AN ARTICLE BY DAN KOIS
I just finished reading the above article about former SNL writer Jack Handey, best known for his short sketches entitled “Deep Thoughts.” Personally, I, like many others apparently, never realized that Jack Handey was a real person. I always thought it was a pseudonym for the writing team at SNL at the time. But turns out he is an older gentleman who is retired and just published his first novel.
One of the things that really struck me when reading the article is how the idea of the timeless joke is a very rare thing nowadays. So many jokes and just the concept of comedy is based on pop culture references and current events. To come up with a quip that doesn’t involve something that is lost in time is extremely hard to do. I find this to be a big problem for writing in two of my projects. In my novel “The Truth About Catholic School Girls,” my main character Danni befriends a group of high schoolers and attends a number of high school-esque events. It’s hard to say that the group of them went to the movies without the reader asking, “Well, what did they see?” That means I have to answer with a title that by the time the work gets published means the whole thing is null and out of date. With my play “A Jester’s Tale,” I have a couple of characters who are very street smart and modern thinkers. However, I have put them in a medieval type of setting, so it leaves me asking myself, “How do I make this scene funny? How do I make a joke without making a reference to the times so it doesn’t out date (or pre date) itself?”
It simply leaves me a conclusion I’ve had since I decided to start writing professionally; it’s hard to be funny. The times I have been genuinely funny, it’s been completely by accident. I tried writing a light-hearted play about death and some funny realizations and it turned out I had my classmates crying they were howling so hard. If I could figure out a way to do that with everything I write, I’d pack up, head out on tour, and quit the other bullshit in my life.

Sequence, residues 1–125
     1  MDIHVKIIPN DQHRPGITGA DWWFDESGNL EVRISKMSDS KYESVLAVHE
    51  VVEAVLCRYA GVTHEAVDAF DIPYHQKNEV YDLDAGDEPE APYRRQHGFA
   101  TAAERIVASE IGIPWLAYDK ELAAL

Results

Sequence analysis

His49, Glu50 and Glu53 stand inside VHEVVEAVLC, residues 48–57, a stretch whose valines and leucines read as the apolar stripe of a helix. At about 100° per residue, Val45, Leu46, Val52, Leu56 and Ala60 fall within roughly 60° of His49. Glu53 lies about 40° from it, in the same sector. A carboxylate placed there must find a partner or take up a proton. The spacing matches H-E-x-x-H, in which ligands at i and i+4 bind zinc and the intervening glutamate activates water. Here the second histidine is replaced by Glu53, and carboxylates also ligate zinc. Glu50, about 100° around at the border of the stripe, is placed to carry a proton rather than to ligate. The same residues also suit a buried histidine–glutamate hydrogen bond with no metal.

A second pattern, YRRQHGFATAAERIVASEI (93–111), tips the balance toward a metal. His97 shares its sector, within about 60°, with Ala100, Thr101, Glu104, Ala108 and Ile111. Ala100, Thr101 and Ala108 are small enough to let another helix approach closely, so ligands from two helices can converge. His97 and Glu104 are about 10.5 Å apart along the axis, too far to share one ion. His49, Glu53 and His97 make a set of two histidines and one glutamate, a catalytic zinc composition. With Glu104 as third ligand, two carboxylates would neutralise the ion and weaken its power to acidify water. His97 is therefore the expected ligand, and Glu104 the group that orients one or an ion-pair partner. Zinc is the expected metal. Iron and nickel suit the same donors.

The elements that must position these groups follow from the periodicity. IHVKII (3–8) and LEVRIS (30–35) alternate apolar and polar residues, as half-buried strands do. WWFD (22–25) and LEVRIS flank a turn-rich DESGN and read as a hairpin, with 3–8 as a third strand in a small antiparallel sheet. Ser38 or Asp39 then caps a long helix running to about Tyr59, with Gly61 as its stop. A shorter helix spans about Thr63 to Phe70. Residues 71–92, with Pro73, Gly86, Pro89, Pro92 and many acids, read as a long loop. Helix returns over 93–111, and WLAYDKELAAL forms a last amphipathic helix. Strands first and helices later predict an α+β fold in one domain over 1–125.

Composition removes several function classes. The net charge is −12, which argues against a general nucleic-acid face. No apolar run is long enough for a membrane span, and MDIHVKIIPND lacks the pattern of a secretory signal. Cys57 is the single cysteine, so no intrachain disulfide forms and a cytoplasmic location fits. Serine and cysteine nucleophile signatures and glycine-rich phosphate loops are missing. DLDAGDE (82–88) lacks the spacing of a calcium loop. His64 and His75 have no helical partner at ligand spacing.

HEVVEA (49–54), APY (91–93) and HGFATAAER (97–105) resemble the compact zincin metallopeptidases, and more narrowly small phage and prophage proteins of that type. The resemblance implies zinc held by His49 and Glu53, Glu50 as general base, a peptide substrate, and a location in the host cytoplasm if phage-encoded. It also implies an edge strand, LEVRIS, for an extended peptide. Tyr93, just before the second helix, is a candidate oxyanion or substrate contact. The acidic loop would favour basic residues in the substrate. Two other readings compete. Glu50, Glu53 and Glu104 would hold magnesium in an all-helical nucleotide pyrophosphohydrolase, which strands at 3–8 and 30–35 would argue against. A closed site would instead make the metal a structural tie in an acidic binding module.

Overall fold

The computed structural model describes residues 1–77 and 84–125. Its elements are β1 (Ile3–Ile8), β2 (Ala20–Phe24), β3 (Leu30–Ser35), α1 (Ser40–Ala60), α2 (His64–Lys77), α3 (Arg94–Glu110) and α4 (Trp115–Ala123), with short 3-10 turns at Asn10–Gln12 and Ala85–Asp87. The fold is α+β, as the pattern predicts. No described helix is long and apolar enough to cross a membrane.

In my opinion, there are very few writers/comedians who can do this nowadays. The one that does come to mind is one of my personal idols, Mel Brooks. Some can argue that “The 2000 Year Old Man” could be seen as not timeless, seeing as it deals with the past. But he tends to take history and makes it into a joke, not the current situation where it won’t be remembered. Pop culture may be funny at times, but 9 times out of 10, it won’t be a cornerstone in time. If you want an example, I give you Contrux, California Dreams, and Chicken Soup for the Soul. Memorable? Still relevant? I rest my case. With Mel Brooks, all of his jokes and gags are carefully crafted. Sure, some of them aren’t leg slappers, but there are moments of genius and simplicity in many of his works that make you hold your belly because the laughter is too much for your body to handle. One of my favorites is the line from “To Be or Not to Be,” a movie where he plays an actor who finds himself impersonating Adolf Hitler during the height of WWII in Poland. As he’s leaving to fix the mess his wife has made, he tells her, “Listen sweetheart, if I don’t come back, then I forgive you for anything that happened between you and Lt. Sobinski. But if I do come back, you’re in a lot of trouble!” If you need further proof of simple timeless comedy, I give you this.
My point is comedy is a very tricky art, whether spoken, written, acted, or otherwise. For me, funny is one of those things that just shows up out of nowhere at times, like that random squirrel that darts out in front of my car and doesn’t make it to the other side. To have a good hold of it is a gift, but there’s not many out there who can wield it so forcefully nowadays.
Author’s Note: To see some of Jack Handey’s original “Deep Thoughts” from Saturday Night Live, check them out on this Hulu link!